To manage and monitor the actual quality of stormwater being discharged from storm pipes throughout Saratoga Springs, every outfall under the City’s jurisdiction has been inventoried and its vital characteristics recorded. The location of each of these discharge points appears on the Stormwater Outfall Location Map. Besides identifying the outfalls, the map helps to define drainage areas and assess other factors that could impact water quality. Additionally, these outfalls are routinely inspected by a qualified field technician to insure the stormwater being discharged is clean and safe.
As noted earlier, the City administers a comprehensive Stormwater Management Plan designed to address a wide array of stormwater pollution issues and concerns. The core of this Plan centers around (6) Minimum Control Measures (MCM) that are intended to reduce “non-point” sources of stormwater pollution through education, regulation, and advanced management practices. The following is a brief description of each MCM including objectives as well as steps that have been taken to meet these goals:
The success of the SWMP relies in large part on the diligence and efforts of public officials and employees in their respective duties as a governing entity and municipal operation. Success, however, also requires that the residents of Saratoga Springs along with the business community, particularly the development and construction industry, become genuinely and actively engaged in protecting our local water resources.
Minimum Control Measure 1 – Public Education and OutreachWHO’S INVOLVED IN THE MS4?
Here in Saratoga Springs, the Engineers Office and the Department of Public Works share responsibility for administering the City’s Stormwater Management Plan. To gauge the effectiveness of the Plan, an Annual Report is prepared each spring which identifies achievements and evaluates overall success in terms of meeting the Minimum Control Measures described above. The Annual Report is presented to the City Council at which time the public is encouraged to review the document and submit their comments.
City Council has also played an active role by adopting local legislation tailored to the prevention of stormwater pollution. For example, Local Law No.9 of 2007 was added to the City Code and is intended to prohibit discharges to the storm sewer system which could jeopardize stormwater quality. In similar fashion, Local Law No. 1 of 2008 was enacted requiring the construction industry to install controls to reduce soil erosion and limit runoff from building sites that contain sediment and other pollutants.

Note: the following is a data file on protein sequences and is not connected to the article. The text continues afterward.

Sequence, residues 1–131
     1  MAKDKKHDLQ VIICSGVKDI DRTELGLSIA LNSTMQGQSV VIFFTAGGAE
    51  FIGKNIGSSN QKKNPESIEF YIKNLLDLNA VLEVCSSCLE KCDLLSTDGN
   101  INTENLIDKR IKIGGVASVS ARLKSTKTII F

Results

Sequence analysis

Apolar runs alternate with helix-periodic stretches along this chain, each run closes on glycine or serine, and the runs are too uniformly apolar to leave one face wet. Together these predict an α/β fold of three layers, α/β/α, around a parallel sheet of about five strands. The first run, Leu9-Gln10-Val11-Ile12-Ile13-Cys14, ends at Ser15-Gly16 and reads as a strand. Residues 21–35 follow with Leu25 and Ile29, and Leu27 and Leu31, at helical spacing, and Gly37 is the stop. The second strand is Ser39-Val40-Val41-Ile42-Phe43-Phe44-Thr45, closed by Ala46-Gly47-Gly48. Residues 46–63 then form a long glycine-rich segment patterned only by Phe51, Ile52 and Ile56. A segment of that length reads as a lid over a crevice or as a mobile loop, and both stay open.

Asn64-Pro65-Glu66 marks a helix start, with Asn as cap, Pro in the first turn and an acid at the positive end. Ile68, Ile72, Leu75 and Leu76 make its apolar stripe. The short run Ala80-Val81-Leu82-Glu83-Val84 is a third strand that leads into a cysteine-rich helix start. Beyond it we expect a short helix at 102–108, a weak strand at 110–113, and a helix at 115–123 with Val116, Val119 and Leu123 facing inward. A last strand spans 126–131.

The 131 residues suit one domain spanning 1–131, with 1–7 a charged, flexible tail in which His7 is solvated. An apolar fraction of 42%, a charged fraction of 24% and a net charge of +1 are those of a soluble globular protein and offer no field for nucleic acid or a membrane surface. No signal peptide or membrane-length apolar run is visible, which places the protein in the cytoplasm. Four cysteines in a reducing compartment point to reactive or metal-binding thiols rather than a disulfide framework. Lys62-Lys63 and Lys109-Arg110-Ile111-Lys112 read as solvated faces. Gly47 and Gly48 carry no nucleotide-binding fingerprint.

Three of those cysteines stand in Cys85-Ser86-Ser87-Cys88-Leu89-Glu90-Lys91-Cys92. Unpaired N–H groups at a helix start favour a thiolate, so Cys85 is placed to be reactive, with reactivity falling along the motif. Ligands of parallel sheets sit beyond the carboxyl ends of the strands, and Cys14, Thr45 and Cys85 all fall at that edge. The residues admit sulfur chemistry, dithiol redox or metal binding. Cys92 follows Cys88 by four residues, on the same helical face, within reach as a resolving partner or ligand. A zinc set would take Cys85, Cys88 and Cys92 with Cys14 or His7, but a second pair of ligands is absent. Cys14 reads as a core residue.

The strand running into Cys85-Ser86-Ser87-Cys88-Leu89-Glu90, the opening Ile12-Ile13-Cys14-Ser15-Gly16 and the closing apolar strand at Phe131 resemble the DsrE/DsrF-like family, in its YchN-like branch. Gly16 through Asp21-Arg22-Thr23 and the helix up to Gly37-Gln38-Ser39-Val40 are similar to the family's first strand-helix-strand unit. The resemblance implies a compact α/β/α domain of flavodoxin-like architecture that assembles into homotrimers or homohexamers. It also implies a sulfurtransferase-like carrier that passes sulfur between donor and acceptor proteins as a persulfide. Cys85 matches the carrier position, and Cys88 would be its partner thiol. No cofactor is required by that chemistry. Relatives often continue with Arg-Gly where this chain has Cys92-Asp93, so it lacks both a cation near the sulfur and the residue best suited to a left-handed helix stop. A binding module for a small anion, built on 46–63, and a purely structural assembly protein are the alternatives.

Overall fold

Perhaps the most important key to success, however, lies outside the doors of City Hall. Homeowners and tourists, employers and employees, students and teachers, business owners and their patrons… each individual must act responsibly in order to achieve and sustain a reduction in stormwater pollutants. It can be as simple as picking up a piece of street litter, cleaning up after your pet, using phosphorus-free fertilizers, or organizing a clean-up day along a shoreline or stream bank.
Only through a collaborative public and private effort will our local waters be able to carry on the legacy of Saratoga Springs.
HOW DOES THIS AFFECT ME?
As a designated MS4 municipality, Saratoga Springs officials have taken on the complex and challenging task of changing attitudes toward something most people don’t consider very important – stormwater. In many instances, people simply don’t realize that the stormwater dropping into a street drain or flowing along a roadside ditch will eventually end up in a stream we like to fish or a lake we enjoy swimming in or boating on.
Simply realizing the inherent value in the natural water resources found throughout our City can have a tremendous affect on the way people think and act when it comes to preventing pollution. As citizens of Saratoga Springs, clean water depends on all of us.
The Engineers Office and the Department of Public Works would like to thank you for taking time to learn more about our efforts…your comments and suggestions are always welcome. Also please remember to check the Upcoming Events link for a chance to learn and get involved. And finally, if you see or know of a stormwater problem here in Saratoga Springs, contact us through our Stormwater Pollution Hotline. These and other links can all be found at the start of this webpage.